Opinion Filed October 3, 1972
1. Administrative Law — Powers of Agency — Delineation
Powers and duties of commissioner of public safety are to be prescribed in terms definite enough to serve as a guide to him. 3 V.S.A. § 203.
2. Recreation and Sports — Police Protection Requirements
Statute requiring race track licensees to "maintain adequate police protection as may be determined by the commissioner of public safety" imposes duty upon licensee, not commissioner, to maintain police protection, and commissioner overstepped his powers under the statute where he assigned a state police unit to a race track at licensee's expense. 31 V.S.A. § 620.
3. Recreation and Sports — Police Protection Requirements
Where statute requiring commissioner of public safety to determine, and race track licensees to maintain, adequate police protection at race tracks, provided that ". . . no funds therefor shall be expended from the appropriation of the department of public safety . . .", payment by commissioner of public safety to state police for their services at race track, improperly ordered by commissioner, out of state treasury funds, was unauthorized. 31 V.S.A. § 620.
4. Statutes — Construction — Legislative Intent
Where intent of the legislature is clearly shown by a reading of a statute, such intent must be given effect.
5. Statutes — Construction — Legislative Intent
Legislative intent can be ascertained by examining other parts of a system of legislation dealing with the same subject matter.
6. Recreation and Sports — Police Protection Requirements
In title of Vermont Statutes Annotated entitled "Recreation and Sports", sections providing for police protection at certain public recreational events, when read in pari materia, show legislative intent that expense for such protection shall not be borne by the state. 31 V.S.A. §§ 311, 502, 620.
Action for sums paid for state police protection ordered for race track and to enjoin further collection. Defendant appealed. Bennington County Court of Chancery, Billings, Chancellor. Affirmed.
Conley Foote, Middlebury, for Plaintiff.
James M. Jeffords, Attorney General, and Richard M. Finn, Assistant Attorney General, for Defendant.
Present: Shangraw, C.J., Barney, Smith, Keyser and Daley, JJ.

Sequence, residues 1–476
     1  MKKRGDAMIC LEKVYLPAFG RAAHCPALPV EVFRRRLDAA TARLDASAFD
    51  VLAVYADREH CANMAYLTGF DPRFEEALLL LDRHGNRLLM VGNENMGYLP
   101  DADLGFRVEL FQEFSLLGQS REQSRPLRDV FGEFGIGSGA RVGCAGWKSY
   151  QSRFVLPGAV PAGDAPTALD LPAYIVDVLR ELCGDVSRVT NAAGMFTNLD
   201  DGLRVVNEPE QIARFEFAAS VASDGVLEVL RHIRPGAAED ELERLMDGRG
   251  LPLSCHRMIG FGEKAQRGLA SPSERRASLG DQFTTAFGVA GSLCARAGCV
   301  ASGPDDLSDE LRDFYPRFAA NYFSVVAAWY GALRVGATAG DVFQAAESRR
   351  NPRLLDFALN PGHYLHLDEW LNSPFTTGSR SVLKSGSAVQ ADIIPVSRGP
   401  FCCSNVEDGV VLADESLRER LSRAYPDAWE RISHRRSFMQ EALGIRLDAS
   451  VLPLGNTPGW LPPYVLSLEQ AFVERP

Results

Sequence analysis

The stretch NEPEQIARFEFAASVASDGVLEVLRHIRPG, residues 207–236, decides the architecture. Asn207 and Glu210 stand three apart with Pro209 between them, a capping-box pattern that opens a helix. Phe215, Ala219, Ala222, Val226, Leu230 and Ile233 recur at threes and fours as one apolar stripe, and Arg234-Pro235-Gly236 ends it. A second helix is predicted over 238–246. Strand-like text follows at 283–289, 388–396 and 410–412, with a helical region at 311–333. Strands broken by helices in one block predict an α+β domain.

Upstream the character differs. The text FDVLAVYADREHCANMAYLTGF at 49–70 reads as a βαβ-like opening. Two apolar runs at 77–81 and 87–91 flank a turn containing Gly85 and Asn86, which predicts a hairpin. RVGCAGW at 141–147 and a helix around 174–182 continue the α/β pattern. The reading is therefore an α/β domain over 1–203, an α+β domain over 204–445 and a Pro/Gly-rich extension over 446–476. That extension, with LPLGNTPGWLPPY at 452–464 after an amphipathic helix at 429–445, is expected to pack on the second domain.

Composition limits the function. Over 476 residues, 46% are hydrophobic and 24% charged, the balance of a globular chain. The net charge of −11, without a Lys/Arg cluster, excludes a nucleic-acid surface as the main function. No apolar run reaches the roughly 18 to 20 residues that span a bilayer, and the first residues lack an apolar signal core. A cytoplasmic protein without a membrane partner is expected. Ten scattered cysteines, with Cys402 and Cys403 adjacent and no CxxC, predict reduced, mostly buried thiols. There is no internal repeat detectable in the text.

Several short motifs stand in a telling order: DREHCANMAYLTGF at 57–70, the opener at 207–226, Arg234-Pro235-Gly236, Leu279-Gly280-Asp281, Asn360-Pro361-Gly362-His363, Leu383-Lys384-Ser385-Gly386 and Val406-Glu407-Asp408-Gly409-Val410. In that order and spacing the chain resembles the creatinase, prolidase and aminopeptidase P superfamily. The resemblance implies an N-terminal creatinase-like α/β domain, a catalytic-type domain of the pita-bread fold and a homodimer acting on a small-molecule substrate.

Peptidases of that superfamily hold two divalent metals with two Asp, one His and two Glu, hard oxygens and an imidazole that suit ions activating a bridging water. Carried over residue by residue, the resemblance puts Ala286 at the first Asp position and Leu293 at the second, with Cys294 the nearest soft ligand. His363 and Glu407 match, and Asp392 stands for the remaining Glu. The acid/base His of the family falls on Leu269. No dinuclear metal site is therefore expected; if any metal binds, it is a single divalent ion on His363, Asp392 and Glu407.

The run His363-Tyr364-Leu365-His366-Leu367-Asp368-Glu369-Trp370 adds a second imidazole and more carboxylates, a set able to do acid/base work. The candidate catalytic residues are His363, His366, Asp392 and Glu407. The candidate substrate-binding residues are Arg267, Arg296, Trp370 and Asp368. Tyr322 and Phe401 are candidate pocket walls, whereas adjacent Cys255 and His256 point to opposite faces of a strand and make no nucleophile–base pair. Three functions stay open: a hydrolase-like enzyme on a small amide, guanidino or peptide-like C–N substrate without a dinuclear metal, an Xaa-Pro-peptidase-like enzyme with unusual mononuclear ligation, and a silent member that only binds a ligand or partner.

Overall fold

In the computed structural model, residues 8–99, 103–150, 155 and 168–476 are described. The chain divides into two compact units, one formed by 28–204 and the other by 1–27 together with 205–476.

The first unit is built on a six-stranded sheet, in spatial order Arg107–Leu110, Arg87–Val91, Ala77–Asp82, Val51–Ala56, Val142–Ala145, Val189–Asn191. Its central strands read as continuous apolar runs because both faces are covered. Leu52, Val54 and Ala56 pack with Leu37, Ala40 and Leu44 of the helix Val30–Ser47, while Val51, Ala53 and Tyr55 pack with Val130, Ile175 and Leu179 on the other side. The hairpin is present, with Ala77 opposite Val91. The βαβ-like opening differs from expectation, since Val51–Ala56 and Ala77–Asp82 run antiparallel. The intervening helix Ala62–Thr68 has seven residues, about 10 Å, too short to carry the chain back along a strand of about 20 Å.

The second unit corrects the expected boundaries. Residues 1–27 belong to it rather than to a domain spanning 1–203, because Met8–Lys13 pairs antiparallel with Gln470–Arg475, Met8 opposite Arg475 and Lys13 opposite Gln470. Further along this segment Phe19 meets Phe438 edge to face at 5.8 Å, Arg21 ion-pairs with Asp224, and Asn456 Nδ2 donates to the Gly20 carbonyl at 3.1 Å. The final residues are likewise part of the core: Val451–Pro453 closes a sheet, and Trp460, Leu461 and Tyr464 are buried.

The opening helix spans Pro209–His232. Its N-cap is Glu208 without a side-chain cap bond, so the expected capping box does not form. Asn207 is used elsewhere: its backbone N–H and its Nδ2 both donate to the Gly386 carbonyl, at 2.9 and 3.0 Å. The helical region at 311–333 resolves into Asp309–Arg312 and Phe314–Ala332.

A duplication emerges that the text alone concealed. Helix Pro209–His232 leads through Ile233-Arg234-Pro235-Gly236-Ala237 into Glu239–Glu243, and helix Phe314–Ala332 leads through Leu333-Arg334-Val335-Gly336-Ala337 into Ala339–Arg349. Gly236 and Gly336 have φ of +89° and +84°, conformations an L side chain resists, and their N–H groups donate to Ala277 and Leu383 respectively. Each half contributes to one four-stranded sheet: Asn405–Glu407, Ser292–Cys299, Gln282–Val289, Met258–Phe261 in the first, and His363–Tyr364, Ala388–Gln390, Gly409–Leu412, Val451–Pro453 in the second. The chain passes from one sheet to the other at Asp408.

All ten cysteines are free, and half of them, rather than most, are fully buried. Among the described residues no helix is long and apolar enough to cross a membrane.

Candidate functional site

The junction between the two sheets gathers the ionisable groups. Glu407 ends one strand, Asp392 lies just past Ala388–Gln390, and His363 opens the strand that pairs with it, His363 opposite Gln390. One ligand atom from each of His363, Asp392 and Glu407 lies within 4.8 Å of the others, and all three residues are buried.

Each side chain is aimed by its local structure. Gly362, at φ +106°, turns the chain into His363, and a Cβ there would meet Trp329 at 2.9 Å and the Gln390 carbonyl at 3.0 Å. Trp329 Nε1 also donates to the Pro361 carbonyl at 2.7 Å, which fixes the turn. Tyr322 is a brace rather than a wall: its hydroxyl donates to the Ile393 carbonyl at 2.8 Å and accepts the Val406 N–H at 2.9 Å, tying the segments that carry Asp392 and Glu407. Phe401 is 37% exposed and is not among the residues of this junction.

This is an action brought by the appellee, Taconic Racing Breeding Association, Inc., under the declaratory judgment act, 12 V.S.A. §§ 4711-4712. The primary question raised by the defendant's appeal is the interpretation of 31 V.S.A. § 620 relating to police protection at the race track.
Section 620 provides as follows:
"Every licensee shall maintain adequate police protection as may be determined by the commissioner of public safety of the state of Vermont, within the grounds or pari-mutuel enclosure and public highways adjacent to the location of such track. Expenses for such designated police protection shall be borne by the licensee and no funds therefor shall be expended from the appropriation of the department of public safety for that protection."
The parties filed an agreed statement of facts which established the following facts in the findings of the court. The appellee owns and operates the Green Mountain Park Race Track located in the town of Pownal, Vermont. It maintains a regular schedule of horse races and has done so since 1963. The Vermont Racing Commission granted a license to the appellee which permitted it to conduct pari-mutuel wagering on thoroughbred and harness racing at the petitioner's race track.
On May 9, 1963, the then commissioner of public safety, pursuant to 31 V.S.A. § 620, issued an order dictating the requirements for adequate police protection within the grounds of pari-mutuel enclosures and public highways adjacent to the location of the track. The order also required the plaintiff to provide sufficient security officers within the park to cope with any situation that might arise. The parties stipulated that the plaintiff has at all times complied with said order as it related to adequate police protection, specifically in the area of traffic control and security officers.